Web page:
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Got rhythm? It might be what ails you.

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Usually when I write about health, I write about diet or nutrition.  I might even throw in a bit about purpose.  What I usually don’t write about is music.  No doubt, you’ve seen this video.  It went viral a couple years ago.  It’s about the power of music in a man with severe dementia.  You may even be aware of the power of music to help hospice patients.  But did you know that music is being used to treat everything from chronic obstructive pulmonary disease (COPD) to Parkinson’s…from anxiety to multiple sclerosis?

The use of music to treat patients goes at least as far back as Hippocrates in 400 B.C. who used music to treat mental patients.  One study that looked at how music therapy was used, found that it not only improved some diseases but that it did not have any adverse effects and was well tolerated by almost all patients.

At Seton Medical Center in Austin, people with COPD play harmonica as part of their physical therapy.  The process of blowing and drawing that is required to play the harmonica provides exercises for COPD patients that help them improve their muscle tone in their lips, cheeks and tongue.  (Here’s an article on the use of a harmonica to treat COPD.)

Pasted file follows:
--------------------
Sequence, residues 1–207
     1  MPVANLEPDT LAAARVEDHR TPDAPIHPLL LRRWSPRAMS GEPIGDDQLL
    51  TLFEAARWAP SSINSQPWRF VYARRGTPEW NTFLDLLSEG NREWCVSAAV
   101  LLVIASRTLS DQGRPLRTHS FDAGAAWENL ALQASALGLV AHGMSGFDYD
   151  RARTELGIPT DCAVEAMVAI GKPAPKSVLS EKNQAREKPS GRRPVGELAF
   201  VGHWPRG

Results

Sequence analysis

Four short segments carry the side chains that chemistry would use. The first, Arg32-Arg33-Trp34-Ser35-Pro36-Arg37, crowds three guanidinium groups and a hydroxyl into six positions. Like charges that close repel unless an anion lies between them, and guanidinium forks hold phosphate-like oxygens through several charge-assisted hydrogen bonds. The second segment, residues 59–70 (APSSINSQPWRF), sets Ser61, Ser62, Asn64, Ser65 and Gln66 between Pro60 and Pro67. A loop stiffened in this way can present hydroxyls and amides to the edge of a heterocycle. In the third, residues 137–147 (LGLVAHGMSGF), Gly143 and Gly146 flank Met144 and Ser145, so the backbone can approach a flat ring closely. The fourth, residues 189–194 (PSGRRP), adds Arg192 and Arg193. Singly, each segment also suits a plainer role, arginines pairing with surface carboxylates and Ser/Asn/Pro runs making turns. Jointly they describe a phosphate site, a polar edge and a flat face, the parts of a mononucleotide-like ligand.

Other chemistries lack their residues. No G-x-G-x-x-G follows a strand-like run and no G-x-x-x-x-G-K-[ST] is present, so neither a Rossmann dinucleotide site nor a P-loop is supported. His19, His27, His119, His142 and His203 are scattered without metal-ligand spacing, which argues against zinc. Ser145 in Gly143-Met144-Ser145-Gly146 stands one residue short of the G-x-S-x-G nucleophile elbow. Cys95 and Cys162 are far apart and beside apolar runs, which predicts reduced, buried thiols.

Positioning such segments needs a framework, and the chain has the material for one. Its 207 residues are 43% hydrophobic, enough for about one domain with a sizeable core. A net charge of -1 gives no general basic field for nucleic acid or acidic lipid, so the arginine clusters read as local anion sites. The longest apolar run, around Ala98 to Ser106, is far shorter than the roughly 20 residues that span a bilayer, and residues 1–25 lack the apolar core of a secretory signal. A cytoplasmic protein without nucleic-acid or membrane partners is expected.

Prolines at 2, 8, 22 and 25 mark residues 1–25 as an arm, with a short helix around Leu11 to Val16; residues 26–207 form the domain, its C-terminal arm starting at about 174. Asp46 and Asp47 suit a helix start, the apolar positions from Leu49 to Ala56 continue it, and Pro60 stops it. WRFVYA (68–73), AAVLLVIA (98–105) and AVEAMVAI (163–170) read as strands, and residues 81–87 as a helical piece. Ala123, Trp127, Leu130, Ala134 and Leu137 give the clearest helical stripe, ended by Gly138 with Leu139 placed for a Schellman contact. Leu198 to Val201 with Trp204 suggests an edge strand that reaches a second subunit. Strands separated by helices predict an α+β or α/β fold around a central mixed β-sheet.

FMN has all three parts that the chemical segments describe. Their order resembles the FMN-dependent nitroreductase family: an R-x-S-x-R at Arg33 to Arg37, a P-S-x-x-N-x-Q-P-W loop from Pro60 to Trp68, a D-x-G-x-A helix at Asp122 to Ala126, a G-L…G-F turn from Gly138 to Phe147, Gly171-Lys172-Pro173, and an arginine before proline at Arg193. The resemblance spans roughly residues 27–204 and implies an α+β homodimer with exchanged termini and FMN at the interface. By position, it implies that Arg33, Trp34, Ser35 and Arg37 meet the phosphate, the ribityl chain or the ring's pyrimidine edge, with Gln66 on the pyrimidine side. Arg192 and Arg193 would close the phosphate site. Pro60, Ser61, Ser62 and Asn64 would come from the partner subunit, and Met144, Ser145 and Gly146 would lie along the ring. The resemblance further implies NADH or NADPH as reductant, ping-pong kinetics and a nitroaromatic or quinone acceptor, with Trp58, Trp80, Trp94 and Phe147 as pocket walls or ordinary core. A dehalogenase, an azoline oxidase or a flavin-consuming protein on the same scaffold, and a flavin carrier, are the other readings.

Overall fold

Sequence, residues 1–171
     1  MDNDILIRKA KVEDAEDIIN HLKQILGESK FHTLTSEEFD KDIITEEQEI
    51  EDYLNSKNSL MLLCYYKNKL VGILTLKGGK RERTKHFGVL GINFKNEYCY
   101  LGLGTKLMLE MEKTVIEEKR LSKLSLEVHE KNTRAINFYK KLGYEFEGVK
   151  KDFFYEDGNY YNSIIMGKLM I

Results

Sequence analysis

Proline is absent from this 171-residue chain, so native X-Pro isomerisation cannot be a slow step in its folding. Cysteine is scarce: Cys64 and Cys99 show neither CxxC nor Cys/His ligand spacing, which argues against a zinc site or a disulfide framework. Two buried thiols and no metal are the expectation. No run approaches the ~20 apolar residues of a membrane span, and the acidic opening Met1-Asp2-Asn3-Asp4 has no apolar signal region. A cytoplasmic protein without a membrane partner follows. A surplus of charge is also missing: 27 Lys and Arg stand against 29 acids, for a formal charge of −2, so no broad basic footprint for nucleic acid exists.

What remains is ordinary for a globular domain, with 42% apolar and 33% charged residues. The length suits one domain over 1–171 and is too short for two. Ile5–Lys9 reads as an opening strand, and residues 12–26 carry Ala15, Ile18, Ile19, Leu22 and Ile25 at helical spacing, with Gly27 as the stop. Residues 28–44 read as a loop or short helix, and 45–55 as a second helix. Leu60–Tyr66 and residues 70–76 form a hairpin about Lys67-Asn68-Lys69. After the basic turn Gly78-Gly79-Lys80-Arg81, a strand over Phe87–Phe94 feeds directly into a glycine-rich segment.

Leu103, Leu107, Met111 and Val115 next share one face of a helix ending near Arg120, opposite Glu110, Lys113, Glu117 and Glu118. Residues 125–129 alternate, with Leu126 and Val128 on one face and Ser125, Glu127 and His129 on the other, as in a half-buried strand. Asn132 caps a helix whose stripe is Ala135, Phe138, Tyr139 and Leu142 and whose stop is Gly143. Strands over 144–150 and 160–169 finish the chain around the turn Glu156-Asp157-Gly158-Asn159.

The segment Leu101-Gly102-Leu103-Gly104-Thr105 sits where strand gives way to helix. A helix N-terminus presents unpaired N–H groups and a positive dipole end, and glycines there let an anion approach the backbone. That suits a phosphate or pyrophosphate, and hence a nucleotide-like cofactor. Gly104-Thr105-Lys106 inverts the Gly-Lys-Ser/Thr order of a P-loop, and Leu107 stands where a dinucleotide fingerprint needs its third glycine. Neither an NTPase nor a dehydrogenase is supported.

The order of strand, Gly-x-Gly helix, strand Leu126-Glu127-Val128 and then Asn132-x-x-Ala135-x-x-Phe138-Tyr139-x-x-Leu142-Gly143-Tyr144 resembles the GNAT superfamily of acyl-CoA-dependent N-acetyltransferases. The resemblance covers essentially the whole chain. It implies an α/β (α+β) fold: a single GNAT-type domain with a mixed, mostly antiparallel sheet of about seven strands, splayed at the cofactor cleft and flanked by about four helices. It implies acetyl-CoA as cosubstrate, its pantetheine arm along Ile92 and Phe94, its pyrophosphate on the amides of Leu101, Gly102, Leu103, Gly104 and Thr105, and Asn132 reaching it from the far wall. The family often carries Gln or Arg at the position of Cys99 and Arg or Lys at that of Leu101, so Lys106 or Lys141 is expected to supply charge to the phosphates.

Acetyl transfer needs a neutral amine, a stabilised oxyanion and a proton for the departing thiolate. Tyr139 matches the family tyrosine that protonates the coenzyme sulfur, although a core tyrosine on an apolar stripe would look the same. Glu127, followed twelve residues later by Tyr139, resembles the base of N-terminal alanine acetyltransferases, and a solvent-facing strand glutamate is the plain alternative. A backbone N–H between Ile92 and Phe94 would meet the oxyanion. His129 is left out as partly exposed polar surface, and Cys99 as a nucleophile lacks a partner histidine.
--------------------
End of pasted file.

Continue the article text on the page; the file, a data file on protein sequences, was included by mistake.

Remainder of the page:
A 2011 study found that when people chanted, they turned down their stress and stimulus receptors.  Another study found that humming improves your breathing rate and increases your oxygen levels.  A study in the American Journal of Respiratory and Critical Care Medicine found that humming opened up passages and limited obstruction.

Another study looked at the natural rhythm of our bodies.  That rhythm is in everything we do, whether we are resting or active.  Scientists who study schizophrenia, epilepsy, autism and Parkinson’s disease say that those problems are associated with abnormal natural rhythms.  When everything is working well, the various parts of the body being utilized get in synch with each other.

What researchers are finding is that you can modify our body’s natural rhythm with external rhythm.  So, for example, if a patient with Parkinson’s disease is “frozen” or experiences other movement problems, they can become unfrozen with the use of music.   For those with Parkinson’s, music doesn’t cure the disease, it simply provides a break from the unnatural rhythm.

One scientist likened it to a room full of people clapping.  Eventually everyone adjusts their clapping until the claps are synchronized.  That’s what a healthy body does.  A body that is out of synch never achieves that harmony.

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